Sunday, March 20, 2011

Print vs. Online a Non Issue

It is good to see the Harrison Press providing more and more content on line. For sure this is where many of us will eventually look to find our news and views rather than from the traditional printed versions. If you are reading this column in the print edition of the Harrison Press you are already part of a shrinking minority of hard copy newspaper readers. It is true that the weekly or community newspapers seem to have been able to hold on to more print subscribers than their big brother daily counterparts but the trends indicate that this phenomenon will be short lived.

Some may lament the passing of the newsprint method of reporting the happenings of daily life. For many of us who grew up reading the newspaper, there certainly is a pleasant tactile response that we have while holding in our hands a newspaper or book. Whether that response is innate or learned is debatable.

Observing our younger generation can give us some hints on what the future holds not only for the printed word but for all media. Ask almost anyone under 35 if they regularly read a printed newspaper or watch TV programs in real time on the broadcast TV or on the cable/satellite channels. More often than not the answer will be no. It is not that they are not interested in current events and are unaware of what is happening around their town or the world. For sure they do enjoy entertainment. In most instances they are informed and conversant. They just get their information and entertainment in different ways.

Instead of half asleep saunter down the driveway before the first cup of morning coffee to retrieve the print edition of the newspaper, the “30 somethings” log on to a news web site or check Twitter and Facebook. Often the content on these sites are provided by the very newspapers they eschew. The Enquirer has and most premiere newspapers like the New York Times or the Wall Street Journal have very popular online editions. I read both on my computer and smart phone. The Kindle and other eReaders offer electronic versions of several daily newspapers.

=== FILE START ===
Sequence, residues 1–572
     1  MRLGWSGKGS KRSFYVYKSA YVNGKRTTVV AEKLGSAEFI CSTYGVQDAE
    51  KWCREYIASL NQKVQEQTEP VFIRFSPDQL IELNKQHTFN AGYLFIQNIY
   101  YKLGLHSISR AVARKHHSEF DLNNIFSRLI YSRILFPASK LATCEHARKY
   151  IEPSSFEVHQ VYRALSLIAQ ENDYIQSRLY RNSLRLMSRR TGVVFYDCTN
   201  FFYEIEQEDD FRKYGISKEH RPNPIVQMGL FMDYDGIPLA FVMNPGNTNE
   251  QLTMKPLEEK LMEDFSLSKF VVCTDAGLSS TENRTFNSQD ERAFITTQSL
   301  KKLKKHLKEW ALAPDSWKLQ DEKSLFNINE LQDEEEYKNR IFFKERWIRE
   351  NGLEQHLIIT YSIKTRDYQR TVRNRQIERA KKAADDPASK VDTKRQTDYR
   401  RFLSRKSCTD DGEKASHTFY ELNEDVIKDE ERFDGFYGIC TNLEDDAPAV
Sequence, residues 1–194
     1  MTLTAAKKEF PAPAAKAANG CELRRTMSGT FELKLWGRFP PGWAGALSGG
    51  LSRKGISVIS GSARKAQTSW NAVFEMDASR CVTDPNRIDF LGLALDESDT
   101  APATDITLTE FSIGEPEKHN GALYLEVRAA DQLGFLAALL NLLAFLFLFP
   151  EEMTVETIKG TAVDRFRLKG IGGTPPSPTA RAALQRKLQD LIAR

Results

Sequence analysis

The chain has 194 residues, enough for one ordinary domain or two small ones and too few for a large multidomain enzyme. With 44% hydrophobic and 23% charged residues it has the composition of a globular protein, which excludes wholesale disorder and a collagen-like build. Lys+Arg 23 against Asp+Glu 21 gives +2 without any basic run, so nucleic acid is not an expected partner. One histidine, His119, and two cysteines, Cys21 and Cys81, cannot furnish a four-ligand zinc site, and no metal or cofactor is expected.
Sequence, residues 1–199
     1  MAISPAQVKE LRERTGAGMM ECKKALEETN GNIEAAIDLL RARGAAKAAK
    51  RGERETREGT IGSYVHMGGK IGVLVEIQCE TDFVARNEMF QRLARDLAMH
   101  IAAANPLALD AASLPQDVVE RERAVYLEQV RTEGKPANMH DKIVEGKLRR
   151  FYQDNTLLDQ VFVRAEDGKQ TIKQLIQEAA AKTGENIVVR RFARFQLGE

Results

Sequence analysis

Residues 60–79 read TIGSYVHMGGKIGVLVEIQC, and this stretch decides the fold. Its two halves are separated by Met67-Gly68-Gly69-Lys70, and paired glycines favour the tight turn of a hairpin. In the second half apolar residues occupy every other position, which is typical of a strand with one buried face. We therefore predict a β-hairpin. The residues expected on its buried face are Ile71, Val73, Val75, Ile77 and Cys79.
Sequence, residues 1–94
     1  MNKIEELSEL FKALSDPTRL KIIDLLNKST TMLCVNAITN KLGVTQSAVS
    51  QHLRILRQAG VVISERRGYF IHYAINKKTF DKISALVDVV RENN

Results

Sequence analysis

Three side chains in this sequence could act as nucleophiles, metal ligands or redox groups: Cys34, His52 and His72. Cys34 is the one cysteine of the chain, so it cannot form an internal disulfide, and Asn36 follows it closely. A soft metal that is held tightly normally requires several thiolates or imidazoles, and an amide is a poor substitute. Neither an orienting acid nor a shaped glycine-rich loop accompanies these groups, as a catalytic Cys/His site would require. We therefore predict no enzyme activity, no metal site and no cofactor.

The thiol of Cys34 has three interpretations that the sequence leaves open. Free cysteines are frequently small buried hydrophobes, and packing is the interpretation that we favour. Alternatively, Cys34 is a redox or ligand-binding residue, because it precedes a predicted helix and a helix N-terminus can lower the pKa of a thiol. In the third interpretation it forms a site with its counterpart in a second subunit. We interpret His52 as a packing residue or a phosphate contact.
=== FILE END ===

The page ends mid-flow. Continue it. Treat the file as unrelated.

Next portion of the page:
For breaking news a printed newspaper can’t compete with an electronic edition. It was almost 24 hours after it happened that the printed edition of the Cincinnati Enquirer was able to report on the recent devastating earthquake in Japan. By then most people had consumed hours of video reports and analysis. Much was from the web.

It is not only the newspaper industry that is undergoing change. TV, both broadcast and cable are losing viewers to video services provided on the Internet. There is an increasing amount of first run programming available on line and on demand. “Appointment” viewing, that is watching a program when it is broadcast, is becoming less and less prevalent among all age groups. Among the 25 to 35 year old demographic regular TV viewing is the exception rather than the rule.

Some worry about these trends. Others, me included, feel that we should not concentrate on how we get information and entertainment as much as the quality and reliability of the information and entertainment we get.

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Anonymous MikeD said...

I get the news and sports from both print and online sources. I just haven't found a way to get the daily comics, and don't feel comfortable taking my laptop into the bathroom :)

2:41 PM  

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